inside the iconic building, things are a lot worse than you think

inside the iconic building, things are a lot worse than you think
inside the iconic building, things are a lot worse than you think

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The Flatiron Building in Manhattan, which is due to go under the hammer for the second time later this month, requires a $100m facelift, according to GFP Real Estate, one of its owners. The landmark 1902 triangular tower is covered inside and out with large amounts of scaffolding and protective mesh as its classic limestone and terracotta façade is repaired. With the building’s six elevator cars recently refitted to “fully electric”, the focus of the work has shifted to the installation of a heating and air conditioning system and the removal of a single staircase.

inside the iconic building, things are a lot worse than you think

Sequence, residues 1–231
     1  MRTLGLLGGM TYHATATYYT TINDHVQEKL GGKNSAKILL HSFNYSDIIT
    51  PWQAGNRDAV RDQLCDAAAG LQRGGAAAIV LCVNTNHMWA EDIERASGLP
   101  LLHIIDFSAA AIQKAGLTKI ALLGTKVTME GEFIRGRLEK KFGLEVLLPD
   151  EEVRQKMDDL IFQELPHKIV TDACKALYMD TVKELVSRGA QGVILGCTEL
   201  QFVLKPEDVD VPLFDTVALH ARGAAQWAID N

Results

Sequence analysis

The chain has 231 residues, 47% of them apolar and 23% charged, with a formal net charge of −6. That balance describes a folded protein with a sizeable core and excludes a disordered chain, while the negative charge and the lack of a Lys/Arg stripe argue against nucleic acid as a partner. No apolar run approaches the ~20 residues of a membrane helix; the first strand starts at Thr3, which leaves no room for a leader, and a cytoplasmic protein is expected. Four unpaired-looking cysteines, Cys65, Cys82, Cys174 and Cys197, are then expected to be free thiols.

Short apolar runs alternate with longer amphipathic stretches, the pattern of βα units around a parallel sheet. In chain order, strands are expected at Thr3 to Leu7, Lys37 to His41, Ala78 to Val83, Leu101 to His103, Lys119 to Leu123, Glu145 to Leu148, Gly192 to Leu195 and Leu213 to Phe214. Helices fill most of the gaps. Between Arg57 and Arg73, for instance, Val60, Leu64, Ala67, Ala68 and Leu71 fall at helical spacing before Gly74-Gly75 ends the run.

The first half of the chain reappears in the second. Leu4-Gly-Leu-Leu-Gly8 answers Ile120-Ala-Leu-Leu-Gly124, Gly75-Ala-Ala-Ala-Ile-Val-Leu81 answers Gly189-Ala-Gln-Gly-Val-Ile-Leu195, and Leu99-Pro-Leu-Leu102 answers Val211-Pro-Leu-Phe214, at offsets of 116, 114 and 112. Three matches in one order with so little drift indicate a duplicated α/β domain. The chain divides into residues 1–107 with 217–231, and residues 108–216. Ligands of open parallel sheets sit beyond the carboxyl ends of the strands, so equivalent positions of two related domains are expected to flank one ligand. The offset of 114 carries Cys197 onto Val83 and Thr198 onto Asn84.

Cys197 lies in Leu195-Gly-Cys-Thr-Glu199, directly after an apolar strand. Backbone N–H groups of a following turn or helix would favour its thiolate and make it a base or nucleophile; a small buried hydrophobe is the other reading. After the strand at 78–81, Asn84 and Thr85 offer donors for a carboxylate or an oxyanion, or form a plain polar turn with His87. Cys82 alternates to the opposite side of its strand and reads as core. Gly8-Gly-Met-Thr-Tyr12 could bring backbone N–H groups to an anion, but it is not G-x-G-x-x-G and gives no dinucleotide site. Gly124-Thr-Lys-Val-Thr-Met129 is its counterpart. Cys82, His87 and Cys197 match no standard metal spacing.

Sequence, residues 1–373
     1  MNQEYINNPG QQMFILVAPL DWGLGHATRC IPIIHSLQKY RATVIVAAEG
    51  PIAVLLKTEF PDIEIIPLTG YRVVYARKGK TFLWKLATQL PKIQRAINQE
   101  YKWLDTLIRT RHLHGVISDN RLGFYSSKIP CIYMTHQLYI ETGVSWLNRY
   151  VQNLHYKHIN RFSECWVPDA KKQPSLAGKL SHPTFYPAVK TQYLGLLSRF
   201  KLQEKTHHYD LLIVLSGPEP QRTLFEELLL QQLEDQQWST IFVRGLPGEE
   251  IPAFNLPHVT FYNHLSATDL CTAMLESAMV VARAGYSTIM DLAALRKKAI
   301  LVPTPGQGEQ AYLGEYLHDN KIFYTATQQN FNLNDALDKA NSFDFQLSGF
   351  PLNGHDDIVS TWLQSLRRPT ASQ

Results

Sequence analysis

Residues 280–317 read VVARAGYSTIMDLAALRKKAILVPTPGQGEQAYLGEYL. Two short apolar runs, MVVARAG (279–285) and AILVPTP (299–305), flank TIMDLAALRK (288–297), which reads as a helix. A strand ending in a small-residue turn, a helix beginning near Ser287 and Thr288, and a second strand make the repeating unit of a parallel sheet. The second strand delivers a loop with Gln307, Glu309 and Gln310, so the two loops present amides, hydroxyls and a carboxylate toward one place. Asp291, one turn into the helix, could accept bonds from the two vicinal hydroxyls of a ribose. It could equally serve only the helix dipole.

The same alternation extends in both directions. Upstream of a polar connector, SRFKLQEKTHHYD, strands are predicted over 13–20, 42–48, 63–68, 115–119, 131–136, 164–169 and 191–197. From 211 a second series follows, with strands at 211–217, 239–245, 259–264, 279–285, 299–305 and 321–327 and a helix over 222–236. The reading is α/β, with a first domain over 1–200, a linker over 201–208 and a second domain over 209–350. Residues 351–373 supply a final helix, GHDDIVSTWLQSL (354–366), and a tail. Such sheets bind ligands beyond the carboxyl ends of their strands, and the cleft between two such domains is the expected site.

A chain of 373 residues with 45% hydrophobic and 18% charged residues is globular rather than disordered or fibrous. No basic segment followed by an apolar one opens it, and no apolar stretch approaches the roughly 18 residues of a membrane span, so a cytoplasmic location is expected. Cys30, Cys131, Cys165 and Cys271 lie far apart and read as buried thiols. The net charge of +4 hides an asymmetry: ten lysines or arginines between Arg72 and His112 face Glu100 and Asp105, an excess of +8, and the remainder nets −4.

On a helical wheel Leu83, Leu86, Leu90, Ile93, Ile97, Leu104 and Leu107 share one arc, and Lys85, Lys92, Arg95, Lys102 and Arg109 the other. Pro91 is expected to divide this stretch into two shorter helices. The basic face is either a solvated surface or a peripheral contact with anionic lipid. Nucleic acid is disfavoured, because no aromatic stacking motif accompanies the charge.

Events surrounding the fate of the Flatiron Building in Manhattan attracted worldwide attention ahead of the second public auction on May 23 to sell the iconic triangular landmark. And while buying a historic building seems like a good deal, it also comes with challenges. What is it like to be inside the building told the publication Costar.

Behind the romantic representation of the famous postcard building in movies like Spider-Man and Godzilla and a must-see for many tourists, the building, opened in 1902, also carries a burden: the new owner may have to spend about $100 million for modernization.

Recently, construction and demolition work could be seen and heard in different parts of the building, covered with mesh and scaffolding outside and inside. False ceilings were removed from some floors above. Drywall was removed from some of the columns to reveal the original steel frame skeleton of one of New York City’s first skyscrapers and one of the first steel-framed skyscrapers.

Dust covered the stairs and other parts of the building at 175 Fifth Avenue, at the intersection of Fifth Avenue and Broadway.